There are 2 compatibility modes: Limited and Full. Most of the time, limited compatibility mode is sufficient however if you are running into issues with failed query compilation, then you may want to try Full compatibility mode. With Full compatibility mode, Each Query will first be expanded (Any calls to Projectable properties and methods will be replaced by their respective Expression) before being handed off to EFCore. (This is similar to how LinqKit/LinqExpander/Expressionify works). Because of this additional step, there is a small performance impact. Limited compatibility mode is smart about things and only expands the Query after it has been accepted by EF. The expanded query will then be stored in the Query Cache. With Limited compatibility you will likely see increased performance over EFCore without projectables. I have a planned post coming up talking about why that is but for now you can see it for yourself by running the included Benchmark.

Can I call additional properties and methods from my Projectable properties and methods?

Yes you can! Any projectable property/method can call into other properties and methods as long as those properties/methods are native to EFCore or as long as they are marked with a Projectable attribute.

Can I use projectable extensions methods on non-entity types?

Yes you can. It's perfectly acceptable to have the following code:

public static int Squared(this int i) => i * i;

Any call to squared given any int will perfectly translate to SQL.

How do I deal with nullable properties

Expressions and Lamdas are different and not equal. Expressions can only express a subset of valid CSharp statements that are allowed in lambda's and arrow functions. One obvious limitation is the null-conditional operator. Consider the following example:

public static string? GetFullAddress(this User? user) => user?.Location?.AddressLine1 + " " + user?.Location.AddressLine2;

This is a perfectly valid arrow function but it can't be translated directly to an expression tree. This Project will generate an error by default and suggest 2 solutions: Either you rewrite the function to explicitly check for nullables or you let the generator do that for you!

Starting from the official release of V2, we can now hint the generator in how to translate this arrow function to an expression tree. We can say:

[Projectable(NullConditionalRewriteSupport = NullConditionalRewriteSupport.Ignore)]

which will simply generate an expression tree that ignores the null-conditional operator. This generates:

user.Location.AddressLine1 + " " + user.Location.AddressLine2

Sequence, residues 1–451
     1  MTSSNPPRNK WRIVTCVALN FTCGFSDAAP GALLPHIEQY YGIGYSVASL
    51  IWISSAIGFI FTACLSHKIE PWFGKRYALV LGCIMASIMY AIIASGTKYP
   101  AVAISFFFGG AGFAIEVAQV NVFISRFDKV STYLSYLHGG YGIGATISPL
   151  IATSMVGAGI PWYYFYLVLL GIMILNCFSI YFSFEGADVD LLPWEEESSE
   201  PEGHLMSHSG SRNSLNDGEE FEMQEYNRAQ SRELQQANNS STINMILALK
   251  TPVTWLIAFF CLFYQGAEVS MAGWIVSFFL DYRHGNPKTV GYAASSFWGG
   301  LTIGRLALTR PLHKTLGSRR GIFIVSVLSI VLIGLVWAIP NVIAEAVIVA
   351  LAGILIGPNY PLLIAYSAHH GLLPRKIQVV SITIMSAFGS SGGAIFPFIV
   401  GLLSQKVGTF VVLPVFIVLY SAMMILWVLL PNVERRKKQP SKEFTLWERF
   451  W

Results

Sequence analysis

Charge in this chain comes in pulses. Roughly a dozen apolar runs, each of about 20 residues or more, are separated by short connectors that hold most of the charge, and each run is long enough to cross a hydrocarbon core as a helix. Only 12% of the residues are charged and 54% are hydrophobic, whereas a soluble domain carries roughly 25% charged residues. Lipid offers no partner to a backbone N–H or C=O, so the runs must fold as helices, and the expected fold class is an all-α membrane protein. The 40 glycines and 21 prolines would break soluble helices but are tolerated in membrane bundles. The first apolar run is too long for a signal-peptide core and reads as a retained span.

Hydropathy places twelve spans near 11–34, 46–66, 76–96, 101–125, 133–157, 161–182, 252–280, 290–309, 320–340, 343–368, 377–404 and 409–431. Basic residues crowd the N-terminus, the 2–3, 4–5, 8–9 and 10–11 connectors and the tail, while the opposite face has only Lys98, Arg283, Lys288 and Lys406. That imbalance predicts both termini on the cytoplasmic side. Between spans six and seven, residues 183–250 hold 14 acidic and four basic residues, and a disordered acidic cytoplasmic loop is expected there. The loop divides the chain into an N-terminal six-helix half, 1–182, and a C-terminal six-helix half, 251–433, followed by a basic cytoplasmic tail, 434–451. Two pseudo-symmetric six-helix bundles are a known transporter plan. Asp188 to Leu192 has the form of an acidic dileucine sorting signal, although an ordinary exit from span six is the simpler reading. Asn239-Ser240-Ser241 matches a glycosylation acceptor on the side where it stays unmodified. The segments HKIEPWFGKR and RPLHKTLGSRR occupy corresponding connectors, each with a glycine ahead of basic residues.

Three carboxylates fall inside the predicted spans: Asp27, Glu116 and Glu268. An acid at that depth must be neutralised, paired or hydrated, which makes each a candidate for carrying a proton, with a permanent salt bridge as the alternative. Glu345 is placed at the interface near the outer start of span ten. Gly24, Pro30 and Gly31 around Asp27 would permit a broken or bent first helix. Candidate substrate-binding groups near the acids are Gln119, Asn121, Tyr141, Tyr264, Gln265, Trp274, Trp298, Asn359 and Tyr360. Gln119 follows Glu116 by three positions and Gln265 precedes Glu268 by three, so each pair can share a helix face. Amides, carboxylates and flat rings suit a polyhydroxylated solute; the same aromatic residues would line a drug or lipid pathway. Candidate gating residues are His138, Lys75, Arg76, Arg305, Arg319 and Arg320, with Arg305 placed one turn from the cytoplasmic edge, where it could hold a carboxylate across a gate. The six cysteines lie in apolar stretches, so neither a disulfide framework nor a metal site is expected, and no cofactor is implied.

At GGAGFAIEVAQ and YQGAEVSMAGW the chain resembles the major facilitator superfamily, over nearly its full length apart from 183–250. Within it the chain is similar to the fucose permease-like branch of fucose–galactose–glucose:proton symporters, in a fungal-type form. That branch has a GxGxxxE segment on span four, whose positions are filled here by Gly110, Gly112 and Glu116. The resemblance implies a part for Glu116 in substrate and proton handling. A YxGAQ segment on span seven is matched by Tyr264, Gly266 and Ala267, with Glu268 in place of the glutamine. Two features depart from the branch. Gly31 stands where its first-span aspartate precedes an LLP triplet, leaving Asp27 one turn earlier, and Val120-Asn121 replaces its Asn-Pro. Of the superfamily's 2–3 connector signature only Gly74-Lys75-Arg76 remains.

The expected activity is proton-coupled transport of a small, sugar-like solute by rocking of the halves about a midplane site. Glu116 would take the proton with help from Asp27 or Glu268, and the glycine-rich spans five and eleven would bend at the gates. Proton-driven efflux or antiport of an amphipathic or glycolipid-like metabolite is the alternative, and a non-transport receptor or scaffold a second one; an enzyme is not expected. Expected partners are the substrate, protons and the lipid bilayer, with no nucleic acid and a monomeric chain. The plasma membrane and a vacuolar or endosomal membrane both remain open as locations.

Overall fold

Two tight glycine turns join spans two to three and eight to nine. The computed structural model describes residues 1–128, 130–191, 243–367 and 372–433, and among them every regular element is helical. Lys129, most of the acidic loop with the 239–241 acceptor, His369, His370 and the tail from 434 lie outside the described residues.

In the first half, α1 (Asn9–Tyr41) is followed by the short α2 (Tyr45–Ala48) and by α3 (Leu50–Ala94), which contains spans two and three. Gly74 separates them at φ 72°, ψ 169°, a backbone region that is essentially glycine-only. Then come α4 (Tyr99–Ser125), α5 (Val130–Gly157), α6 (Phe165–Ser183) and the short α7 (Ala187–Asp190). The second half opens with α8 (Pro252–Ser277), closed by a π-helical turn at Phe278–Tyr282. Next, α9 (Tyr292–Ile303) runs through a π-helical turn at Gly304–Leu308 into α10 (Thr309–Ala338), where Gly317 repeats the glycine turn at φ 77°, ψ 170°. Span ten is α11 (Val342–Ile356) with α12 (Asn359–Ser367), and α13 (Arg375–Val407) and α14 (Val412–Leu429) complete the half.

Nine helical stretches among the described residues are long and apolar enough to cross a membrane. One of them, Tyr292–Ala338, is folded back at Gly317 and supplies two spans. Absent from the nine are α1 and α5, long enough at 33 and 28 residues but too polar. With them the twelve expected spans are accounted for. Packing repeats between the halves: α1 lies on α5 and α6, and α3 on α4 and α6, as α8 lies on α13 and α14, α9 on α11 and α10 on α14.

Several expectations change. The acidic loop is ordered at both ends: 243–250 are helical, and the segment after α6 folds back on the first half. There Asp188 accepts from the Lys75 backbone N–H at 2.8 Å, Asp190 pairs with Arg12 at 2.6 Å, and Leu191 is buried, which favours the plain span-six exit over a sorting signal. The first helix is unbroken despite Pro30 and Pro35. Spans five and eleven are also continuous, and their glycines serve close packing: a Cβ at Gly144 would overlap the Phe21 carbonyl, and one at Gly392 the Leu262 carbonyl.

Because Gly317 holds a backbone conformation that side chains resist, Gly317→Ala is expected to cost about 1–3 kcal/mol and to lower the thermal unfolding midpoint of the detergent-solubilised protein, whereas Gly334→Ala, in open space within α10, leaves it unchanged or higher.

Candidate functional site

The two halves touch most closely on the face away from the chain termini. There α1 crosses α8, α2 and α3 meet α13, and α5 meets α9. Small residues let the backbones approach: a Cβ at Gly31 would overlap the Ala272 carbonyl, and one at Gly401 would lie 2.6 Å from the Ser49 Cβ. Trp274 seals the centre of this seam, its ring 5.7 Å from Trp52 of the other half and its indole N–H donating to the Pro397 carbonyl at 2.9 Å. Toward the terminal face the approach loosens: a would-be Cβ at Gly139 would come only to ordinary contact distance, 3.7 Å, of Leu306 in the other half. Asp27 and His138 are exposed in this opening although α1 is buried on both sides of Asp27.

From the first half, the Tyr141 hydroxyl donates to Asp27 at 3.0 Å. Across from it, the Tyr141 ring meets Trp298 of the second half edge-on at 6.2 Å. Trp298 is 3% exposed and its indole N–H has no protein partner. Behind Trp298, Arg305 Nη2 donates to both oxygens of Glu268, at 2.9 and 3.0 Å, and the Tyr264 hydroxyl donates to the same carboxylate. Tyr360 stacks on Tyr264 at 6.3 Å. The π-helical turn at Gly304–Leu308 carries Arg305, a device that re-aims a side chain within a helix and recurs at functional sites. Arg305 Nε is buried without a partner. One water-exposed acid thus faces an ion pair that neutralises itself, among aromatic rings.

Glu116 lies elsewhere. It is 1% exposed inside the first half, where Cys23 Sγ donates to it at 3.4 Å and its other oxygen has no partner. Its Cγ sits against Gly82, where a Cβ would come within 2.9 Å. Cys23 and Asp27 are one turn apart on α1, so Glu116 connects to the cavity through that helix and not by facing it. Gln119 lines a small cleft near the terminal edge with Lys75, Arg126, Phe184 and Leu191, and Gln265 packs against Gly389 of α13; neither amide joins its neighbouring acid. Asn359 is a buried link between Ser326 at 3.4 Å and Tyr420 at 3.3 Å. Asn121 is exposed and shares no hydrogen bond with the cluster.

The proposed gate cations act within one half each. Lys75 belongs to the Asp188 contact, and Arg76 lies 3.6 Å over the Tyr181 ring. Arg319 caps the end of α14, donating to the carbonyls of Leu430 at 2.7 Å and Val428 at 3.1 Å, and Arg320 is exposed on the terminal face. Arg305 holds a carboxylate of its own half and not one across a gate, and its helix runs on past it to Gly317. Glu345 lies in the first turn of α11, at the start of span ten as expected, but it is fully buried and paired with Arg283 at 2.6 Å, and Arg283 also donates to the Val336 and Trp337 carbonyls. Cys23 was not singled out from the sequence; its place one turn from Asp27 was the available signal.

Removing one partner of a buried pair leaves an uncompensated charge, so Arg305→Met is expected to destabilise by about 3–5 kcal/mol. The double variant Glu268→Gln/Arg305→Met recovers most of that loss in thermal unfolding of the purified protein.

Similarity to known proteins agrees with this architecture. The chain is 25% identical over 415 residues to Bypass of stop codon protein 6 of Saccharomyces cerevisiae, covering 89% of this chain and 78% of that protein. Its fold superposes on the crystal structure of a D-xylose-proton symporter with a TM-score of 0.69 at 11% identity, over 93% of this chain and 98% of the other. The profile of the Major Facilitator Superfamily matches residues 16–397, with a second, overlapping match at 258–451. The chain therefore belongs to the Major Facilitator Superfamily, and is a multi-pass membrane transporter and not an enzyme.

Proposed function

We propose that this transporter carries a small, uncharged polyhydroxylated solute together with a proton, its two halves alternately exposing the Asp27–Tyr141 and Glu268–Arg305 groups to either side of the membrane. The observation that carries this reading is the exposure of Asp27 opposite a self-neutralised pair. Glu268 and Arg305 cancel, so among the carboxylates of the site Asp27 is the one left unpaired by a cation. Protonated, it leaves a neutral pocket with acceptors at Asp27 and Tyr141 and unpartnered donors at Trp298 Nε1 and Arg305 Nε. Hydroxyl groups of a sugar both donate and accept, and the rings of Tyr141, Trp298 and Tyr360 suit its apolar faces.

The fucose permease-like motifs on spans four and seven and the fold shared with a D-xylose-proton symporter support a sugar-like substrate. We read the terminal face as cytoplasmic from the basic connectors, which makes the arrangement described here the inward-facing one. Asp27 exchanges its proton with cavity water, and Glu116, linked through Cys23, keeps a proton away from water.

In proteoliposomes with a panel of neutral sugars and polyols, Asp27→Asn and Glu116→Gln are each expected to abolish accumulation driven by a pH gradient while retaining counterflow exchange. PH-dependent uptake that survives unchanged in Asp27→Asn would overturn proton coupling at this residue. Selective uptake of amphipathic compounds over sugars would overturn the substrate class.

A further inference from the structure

This is perfect for a database like SQL Server where nullability is implicit and if any of the arguments were to be null, the resulting value will be null. If you are dealing with CosmosDB (which may result to client-side evaluation) or want to be explicit about things. You can configure your projectable as such:

[Projectable(NullConditionalRewriteSupport = NullConditionalRewriteSupport.Rewrite)]

This will rewrite your expression to explicitly check for nullables. In the former example, this will be rewritten to:

(user != null ? user.Location != null ? user.Location?.AddressLine 1 + (user != null ? user.Location != null ? user.Location.AddressLine2 : null) : null)

Note that using rewrite (not ignore) may increase the actual SQL query complexity being generated with some database providers such as SQL Server

How does this relate to Expressionify?

Expressionify is a project that was launched before this project. It has some overlapping features and uses similar approaches. When I first published this project, I was not aware of its existence so shame on me. Currently Expressionify targets a more focusses scope of what this project is doing and thereby it seems to be more limiting in its capabilities. Check them out though!

How does this relate to LinqKit/LinqExpander/...?

There are a few projects like LinqKit that were created before we had code generators in dotnet. These are great options if you're stuck with classical EF or don't want to rely on code generation. Otherwise I would suggest that EntityFrameworkCore.Projectables and Expresssionify are superior approaches as they are able to rely on SourceGenerators to do most of the hard work.

Is the available for EFCore 3.1, 5 and 6?

Yes it is! there is no difference between any of these versions and you can upgrade/downgrade whenever you want.

What is next for this project?

TBD... However one thing I'd like to improve is our Expression generation logic as its currently making a few assumptions (have yet to experience it breaking). Community contributions are very welcome!

Product Versions
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Project over properties and functions in your linq queries

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Version Downloads Last updated
2.3.0 38 8/3/2022
2.3.0-beta.1 60 7/8/2022
2.2.0 2,108 4/28/2022
2.1.1 4,346 1/12/2022
2.1.0 108 1/8/2022
2.0.4 294 1/3/2022
2.0.3 106 1/3/2022
2.0.2 2,442 11/26/2021
2.0.1 3,274 11/25/2021
2.0.0 182 11/15/2021
2.0.0-beta.1 92 9/16/2021
1.0.1 4,022 7/1/2021
1.0.0 225 6/30/2021
0.4.0 1,173 6/6/2021
0.3.0 245 6/4/2021
0.2.0 288 6/2/2021
0.1.0 196 6/1/2021